Still, I had to keep moving forward. And with still no diagnosis, and being far too sick to live at home, at this stage I found myself being thrown around amongst a few different care facilities. Actually one was completely brutal with freakin asshole nurses – hard times. Nevertheless, after finally finding somewhere to reside (where I still am today) I began to look for creative ways to get my life back. Slowly starting with things like concerts, then art classes (painting with a brush in my mouth), and later regaining some old friendship circles – trust me it was not easy.January 2010 012

Living with a chronic illness is not only confronting and challenging for those going through it, it’s also difficult for all of those around them.

It still took some time for me to find my feet though, in fact, I just kept trying shit to see what worked and what I was capable of. One time I even won a T-Bar t-shirt design competition – sporting the logo of the fictitious character ‘Bufferman’ that I created. And I even managed a meet and greet with the North Queensland Cowboys – my rugby team from when we were living in Cairns.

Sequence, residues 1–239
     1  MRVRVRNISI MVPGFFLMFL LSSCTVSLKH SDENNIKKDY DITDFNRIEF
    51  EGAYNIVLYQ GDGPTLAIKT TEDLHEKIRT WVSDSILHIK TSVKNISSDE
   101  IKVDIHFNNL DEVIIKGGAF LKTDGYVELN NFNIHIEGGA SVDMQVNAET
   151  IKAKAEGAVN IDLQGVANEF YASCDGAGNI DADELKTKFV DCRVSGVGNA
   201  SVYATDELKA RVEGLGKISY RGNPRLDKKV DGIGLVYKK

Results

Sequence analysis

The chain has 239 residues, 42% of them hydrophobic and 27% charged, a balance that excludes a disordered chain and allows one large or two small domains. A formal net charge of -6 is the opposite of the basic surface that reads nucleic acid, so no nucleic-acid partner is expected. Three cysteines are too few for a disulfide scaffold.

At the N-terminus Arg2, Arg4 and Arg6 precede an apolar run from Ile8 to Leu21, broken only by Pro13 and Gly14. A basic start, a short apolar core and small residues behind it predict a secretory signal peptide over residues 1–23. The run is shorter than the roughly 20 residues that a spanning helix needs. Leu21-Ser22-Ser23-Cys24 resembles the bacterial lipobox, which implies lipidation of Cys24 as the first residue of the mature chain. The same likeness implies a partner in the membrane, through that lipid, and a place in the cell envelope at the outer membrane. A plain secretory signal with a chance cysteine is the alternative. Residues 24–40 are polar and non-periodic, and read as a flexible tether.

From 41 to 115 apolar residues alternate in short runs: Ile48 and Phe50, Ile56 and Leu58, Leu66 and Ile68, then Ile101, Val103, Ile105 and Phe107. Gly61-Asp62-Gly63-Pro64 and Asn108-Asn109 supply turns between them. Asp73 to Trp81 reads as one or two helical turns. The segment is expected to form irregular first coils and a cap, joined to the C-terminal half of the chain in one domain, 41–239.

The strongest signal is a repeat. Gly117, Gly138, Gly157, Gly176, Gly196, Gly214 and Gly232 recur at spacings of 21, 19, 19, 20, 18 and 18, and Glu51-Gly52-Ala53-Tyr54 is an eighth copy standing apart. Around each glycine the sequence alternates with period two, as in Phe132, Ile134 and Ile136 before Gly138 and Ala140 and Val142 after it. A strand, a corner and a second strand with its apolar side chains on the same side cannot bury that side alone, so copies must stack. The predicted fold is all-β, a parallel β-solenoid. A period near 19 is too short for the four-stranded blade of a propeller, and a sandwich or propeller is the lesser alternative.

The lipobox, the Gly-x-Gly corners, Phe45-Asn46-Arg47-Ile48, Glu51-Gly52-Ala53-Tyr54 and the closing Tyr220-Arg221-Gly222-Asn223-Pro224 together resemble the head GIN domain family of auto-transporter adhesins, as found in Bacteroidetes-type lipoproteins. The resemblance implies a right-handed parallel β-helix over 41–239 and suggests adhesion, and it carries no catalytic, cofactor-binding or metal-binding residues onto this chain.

This was my first taste of the opportunity in adversity.

So I kept growing, and as it turns out or so it seems, I was prepared to do the hard yards. I took the initiative to think and re-think what I wanted out of life and how best to get it. Mmmm and yeah, a bucket list seemed like a pretty logical way to encompass what I desired – also a way to keep me focussed and motivated – and with that I started to do some rather crazy and extraordinary things, I even surprised myself with some. To this day I still can’t believe I was a life drawing model.


Despite all the health shit I could focus on passions. I had the time to follow my dreams – still one of only advantages of my physical predicament.

The bucket list provided many memorable moments. Some of these include: running a half marathon in my wheelchair (now full marathon), appearing on the tv show Neighbours, and even the unthinkable goal of kissing supermodel Miranda Kerr. Also, I’ve partaken in a private cooking class with MasterChef host George Calombaris, entered the Around the Bay in a Day bike ride, and oddly enough gave away countless free meat pies at the football.

Only gees I started to get really, really sick in the midst of all this. In a way it was kinda the end of the bucket list.

And despite feeling that my life had just began ‘moving’ again, I was thrown another curveball in the way of a diagnosis. My blood tested positive to the controversial illness Lyme Disease. Was this was the culprit – all from a simple tick bite in Europe – maybe, maybe not?? Regardless, it was so bitter sweet. You see, its treatment is not that straightforward, neither is it easy to come by. In fact, it was a constant battle.